the cid. Liam Fox - I -- credit. Liam Fox, we have a rough idea. The


picture is clear now that there were clearly a group of Tories,


quite wealthy, very wealthy in some cases and they were bank rolling a


Shadow office in the shape of Mr Werritty. Because Liam Fox didn't


quite trust the Cameroons or the Civil Service and they were very


pro-Israel and they were Thatcherite in tradition and that


seems to be what happened. Is that a sacking offence? I think his


position is untenable. I think we can wait a few more days and if it


turns out that Mr Werritty got any monetary advantage from his


friendship with Dr Fox. The people I'm concerned for are those out


deployed in far-flung places. This has to be distracting for the


Defence Secretary. His judgment has to be called into question. I think


we have a few more days. I'm in favour of not hounding people, but


it will become clear in a very short time. I will be surprised if


in a week's time he's still in his post. I thought at the weekend he


might well survive. As the week's gone on and this drip, drip and we


have now found out what has happened and Mr Werritty's position


becomes more obvious, it does seem that the ministerial rules have


been bent, if not broken? Yes. As previous explanations come to be


shot full of holes and people say things when turn out to be not


entirely true. It's the old case of the cover-up doing the damage.


shall see. It will be another weekend of news stories, no doubt.


We all remember the riots. The pictures scarred the towns and


cities are still in our memories. These pictures are from Croydon.


This morning, as guidelines have been published for people involved


in rioting, Gavin Barwell, a Croydon MP, claims to have seen


evidence that crime has now gone down dramatically in the area. We


have going to speak to him in one moment, but first here is Jo on how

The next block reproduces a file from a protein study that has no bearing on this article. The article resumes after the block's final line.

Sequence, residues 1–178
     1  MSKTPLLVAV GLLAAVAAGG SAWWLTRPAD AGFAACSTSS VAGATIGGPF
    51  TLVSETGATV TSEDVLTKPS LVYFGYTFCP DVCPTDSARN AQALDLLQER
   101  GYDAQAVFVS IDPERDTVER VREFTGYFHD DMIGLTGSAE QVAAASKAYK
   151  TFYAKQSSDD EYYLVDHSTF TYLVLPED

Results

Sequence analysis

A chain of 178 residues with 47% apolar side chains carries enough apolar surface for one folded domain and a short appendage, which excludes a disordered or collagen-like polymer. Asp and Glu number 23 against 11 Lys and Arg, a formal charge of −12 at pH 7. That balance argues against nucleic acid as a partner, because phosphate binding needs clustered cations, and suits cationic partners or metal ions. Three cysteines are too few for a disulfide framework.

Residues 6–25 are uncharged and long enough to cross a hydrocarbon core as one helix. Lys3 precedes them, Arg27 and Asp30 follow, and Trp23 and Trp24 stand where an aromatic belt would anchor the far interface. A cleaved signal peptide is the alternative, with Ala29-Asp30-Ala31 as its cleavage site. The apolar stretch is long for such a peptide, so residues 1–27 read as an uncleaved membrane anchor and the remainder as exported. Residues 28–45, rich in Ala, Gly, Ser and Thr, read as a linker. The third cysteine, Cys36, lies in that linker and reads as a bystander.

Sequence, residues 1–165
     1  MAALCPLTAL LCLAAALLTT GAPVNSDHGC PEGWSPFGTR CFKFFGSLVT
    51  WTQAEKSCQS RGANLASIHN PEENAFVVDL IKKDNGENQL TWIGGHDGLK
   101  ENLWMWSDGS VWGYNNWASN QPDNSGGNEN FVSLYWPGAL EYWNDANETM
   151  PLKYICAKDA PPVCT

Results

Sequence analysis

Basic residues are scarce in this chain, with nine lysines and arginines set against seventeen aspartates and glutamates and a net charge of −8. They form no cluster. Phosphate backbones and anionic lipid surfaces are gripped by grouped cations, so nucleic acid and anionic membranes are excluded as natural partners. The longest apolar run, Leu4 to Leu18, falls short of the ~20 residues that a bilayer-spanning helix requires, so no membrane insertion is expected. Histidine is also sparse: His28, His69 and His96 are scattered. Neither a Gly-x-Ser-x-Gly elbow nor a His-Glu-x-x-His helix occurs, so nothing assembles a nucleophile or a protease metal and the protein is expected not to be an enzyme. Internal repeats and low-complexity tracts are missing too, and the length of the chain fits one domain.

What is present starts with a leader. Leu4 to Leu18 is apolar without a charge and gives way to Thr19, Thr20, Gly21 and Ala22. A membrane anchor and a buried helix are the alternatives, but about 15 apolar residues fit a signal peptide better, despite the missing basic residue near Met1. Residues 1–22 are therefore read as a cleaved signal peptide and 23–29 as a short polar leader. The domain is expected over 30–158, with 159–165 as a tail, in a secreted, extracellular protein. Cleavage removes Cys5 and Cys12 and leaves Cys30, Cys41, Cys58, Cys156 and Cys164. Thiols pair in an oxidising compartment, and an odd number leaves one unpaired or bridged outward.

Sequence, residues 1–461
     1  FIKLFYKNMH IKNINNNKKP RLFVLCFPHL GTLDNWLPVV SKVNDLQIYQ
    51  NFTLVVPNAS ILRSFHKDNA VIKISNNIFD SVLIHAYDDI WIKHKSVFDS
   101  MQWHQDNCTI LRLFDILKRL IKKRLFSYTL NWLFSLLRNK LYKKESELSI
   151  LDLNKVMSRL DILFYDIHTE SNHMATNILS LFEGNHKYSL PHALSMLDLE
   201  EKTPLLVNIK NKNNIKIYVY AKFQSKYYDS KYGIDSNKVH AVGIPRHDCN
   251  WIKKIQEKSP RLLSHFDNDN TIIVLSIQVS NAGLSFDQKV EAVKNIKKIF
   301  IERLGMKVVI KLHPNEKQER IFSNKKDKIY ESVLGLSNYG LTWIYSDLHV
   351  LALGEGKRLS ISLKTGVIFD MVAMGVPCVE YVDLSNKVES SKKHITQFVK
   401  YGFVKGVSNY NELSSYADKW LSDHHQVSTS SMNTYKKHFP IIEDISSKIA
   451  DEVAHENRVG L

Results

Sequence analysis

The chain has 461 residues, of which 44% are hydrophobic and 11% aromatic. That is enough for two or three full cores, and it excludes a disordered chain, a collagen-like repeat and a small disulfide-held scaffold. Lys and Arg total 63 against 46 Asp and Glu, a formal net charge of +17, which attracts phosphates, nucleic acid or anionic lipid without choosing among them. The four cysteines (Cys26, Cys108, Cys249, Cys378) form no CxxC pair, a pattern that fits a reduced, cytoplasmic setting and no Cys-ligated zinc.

the courts delts withlet aftermath. Following the -- dealt with the


aftermath. Following the riots, 1 ,715 had appeared in court and 73%


had a previous caution or conviction. This chimed with Ken


Clarke, when he said that a hardcore of criminal classes were


involved. The courts got tough. 43% of offenders tried at a


Magistrates' Court received an immediate custodial sentence,


compared to 12% for similar offences in England and Wales in


2010. The average custodial sentence was 5.1 months, compared


to 2.5 the year before. At Crown Court the average sentence was 18.5


months, compared with 11.3 months in 2010. Now, new proposals have


been set out by the Sentencing Council for England and Wales. They


are designed to take into account the harm inflicted on the victim.


Under the new guidelines, those who are guilty of domestic burglaries,


who normally get up to 26 weeks in jail, could see a sentence of up to


two years, if the crime took place during a riot. Gavin Barwell is now


with us. Welcome to the programme. This is a first for you? It is.


Let's get straight to the fact in this. What figures have you seen


and what do they tell us? I've seen some figures from my borough


commander in Croydon, which show if you look at the four-week period


after the riots and the period including the riots, there has been


a significant reduction in property crime. You would expect that. There


has been a reduction of 20% in violent crime. That shows very


clearly it seems to me that putting the offenders away has worked in


terms of reducing crime in the short term. I understand that. I'm


puzzled by the period comparison if it tells us very much. You are


saying the first period includes the riots? It does. Wouldn't a


better comparison be, say, the four weeks after the riots, with four


weeks in June or in April? Sure. I hope when we get the investigation